What exactly are kidney stones? How are they formed? How do you treat them? And what does it all mean for your Miniature Schnauzer's health?
Kidney stones are mineral deposits that form overtime and although less common than bladder stones, if fragments of stones interfere with fluid flow, they can cause serious complications for your Miniature Schnauzer.
To understand why these deposits form, we must first understand how the kidneys work.
A simple explanation of how the kidneys work:
The kidneys perform several influential duties for the body. Their main job is to maintain a balance of chemicals in the blood by filtering out the excess minerals and toxins as urine.
So blood enters the kidneys and the filtration process of blood begins. The waste collected and removed produces urine. The urine drains from the kidneys through a system of tubes (ureters) into the bladder. The bladder serves as a holding sac until a certain amount of urine has been collected. When the bladder becomes full, it sends a message to the dog that it is time to release the urine and the dog will have the urge to eliminate.
When the dog urinates, the excess minerals and toxins of the body are released. The urine leaves the bladder and drains to the outside through the urethra.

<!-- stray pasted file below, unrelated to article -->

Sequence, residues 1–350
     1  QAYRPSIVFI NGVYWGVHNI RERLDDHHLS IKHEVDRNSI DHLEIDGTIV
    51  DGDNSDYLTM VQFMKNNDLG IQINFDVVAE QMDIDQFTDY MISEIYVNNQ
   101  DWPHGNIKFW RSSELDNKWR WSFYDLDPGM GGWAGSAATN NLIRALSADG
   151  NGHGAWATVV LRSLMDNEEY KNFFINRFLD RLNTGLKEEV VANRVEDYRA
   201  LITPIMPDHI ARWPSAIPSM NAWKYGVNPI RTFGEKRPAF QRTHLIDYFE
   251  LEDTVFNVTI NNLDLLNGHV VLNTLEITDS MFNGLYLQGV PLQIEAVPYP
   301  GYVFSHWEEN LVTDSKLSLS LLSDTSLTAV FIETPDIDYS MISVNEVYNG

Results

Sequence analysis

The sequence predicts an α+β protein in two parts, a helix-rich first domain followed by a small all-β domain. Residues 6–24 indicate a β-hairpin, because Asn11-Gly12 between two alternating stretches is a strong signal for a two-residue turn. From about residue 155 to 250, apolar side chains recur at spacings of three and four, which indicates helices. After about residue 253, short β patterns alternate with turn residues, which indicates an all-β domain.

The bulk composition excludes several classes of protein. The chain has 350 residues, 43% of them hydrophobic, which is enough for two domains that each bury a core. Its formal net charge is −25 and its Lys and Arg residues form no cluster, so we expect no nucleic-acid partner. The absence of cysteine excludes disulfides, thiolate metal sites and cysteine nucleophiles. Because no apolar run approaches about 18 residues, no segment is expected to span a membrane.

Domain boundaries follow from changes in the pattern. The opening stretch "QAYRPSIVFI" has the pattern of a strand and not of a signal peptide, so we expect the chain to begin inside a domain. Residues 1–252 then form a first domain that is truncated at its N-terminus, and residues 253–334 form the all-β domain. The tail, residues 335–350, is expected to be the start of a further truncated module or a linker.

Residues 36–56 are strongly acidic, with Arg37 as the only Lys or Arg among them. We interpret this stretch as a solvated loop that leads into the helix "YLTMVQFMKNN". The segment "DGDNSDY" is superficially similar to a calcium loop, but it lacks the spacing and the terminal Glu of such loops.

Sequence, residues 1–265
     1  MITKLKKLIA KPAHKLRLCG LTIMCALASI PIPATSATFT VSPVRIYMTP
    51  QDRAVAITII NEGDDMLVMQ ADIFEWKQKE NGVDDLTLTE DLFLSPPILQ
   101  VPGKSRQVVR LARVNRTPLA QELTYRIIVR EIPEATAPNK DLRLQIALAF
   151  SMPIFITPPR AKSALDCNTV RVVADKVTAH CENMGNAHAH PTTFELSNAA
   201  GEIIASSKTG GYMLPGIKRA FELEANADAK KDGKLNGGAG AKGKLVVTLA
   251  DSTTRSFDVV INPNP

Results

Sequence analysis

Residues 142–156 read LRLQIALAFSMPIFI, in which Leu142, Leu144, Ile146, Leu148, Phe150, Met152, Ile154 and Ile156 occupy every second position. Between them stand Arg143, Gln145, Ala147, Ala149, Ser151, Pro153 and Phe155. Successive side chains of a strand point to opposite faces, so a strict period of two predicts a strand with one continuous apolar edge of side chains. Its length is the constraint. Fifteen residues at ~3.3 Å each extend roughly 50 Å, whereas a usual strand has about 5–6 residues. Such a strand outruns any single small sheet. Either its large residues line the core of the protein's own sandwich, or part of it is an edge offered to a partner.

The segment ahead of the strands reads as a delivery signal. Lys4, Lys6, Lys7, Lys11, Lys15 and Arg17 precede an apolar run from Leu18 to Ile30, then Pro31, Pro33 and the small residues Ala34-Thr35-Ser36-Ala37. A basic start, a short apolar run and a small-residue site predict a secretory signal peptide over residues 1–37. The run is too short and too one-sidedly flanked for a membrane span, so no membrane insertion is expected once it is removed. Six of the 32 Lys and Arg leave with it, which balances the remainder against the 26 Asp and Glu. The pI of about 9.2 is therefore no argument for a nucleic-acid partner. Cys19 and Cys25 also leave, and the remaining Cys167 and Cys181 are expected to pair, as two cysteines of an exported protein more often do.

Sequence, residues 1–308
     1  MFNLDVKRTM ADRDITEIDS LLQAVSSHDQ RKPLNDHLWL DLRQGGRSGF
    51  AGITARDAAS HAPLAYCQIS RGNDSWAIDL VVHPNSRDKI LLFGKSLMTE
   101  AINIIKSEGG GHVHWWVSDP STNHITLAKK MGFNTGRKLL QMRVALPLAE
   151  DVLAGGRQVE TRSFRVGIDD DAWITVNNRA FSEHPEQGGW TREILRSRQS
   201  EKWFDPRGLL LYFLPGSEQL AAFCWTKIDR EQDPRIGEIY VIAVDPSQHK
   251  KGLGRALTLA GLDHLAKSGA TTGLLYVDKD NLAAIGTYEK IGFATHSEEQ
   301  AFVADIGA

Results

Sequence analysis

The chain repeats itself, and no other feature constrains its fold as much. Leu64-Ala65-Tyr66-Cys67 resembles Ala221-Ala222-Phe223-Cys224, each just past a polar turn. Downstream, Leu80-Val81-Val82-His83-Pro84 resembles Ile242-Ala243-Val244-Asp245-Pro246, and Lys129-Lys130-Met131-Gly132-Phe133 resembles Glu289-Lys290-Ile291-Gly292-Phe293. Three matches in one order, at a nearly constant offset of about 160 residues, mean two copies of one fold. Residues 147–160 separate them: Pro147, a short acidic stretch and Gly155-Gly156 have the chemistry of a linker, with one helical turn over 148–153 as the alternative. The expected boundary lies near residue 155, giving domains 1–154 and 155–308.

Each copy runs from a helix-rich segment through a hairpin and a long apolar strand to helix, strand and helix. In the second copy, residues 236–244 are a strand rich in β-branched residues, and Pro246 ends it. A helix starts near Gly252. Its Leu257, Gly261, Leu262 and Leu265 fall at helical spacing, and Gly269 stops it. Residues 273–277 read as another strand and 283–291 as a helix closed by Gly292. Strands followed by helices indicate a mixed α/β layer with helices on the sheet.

The photo below shows this entire process... from the kidneys, urine travels down the ureter into the bladder. As the bladder fills your Schnauzer gets the urge to urinate and sends the urine out of the body via the urethra.
When the kidneys lose their ability to keep out the excess minerals, crystals begin to form. Although small at first, once a stone begins to grow in size, it can block a dog's ability to eliminate the impurities from the kidneys. This blockage will cause your Schnauzer severe pain and he/she will need medical attention right away.
This is a very serious condition. So if your Schnauzer begins to exhibit any of the above warning signals, take your dog to your vet immediately. Your Vet will do a complete blood count, urinalysis, as well as take x-rays and perform ultrasounds on your Miniature Schnauzer to identify the mineral content of the stones as well as, determine the size, shape and location of the stones.
Treatment for kidney stones will vary but it will probably include putting your Miniature Schnauzer on antibiotics, fluid therapy, and/or a special diet (which must be adhered to explicitly).
After a few weeks of treatment the stones should begin to dissolve. If not, surgery may be necessary.
There are a number of causes and risk factors that may contribute to the formation of stones in the kidneys. If your Vet can determine the underlying cause(s), (genetics, diet, medications, urinary tract infection, etc…) treating and controlling these factors may help prevent your Miniature Schnauzer from suffering any re-occurrences.
Urolithiasis is the condition where stones form in the urinary system (stones of the kidney and bladder). The most common types of stones found in dogs are struvite and calcium oxalate.
The Miniature Schnauzer is considered a high risk breed
for developing stones. Females are more more susceptible to developing
struvite bladder stones and males, calcium oxalate stones.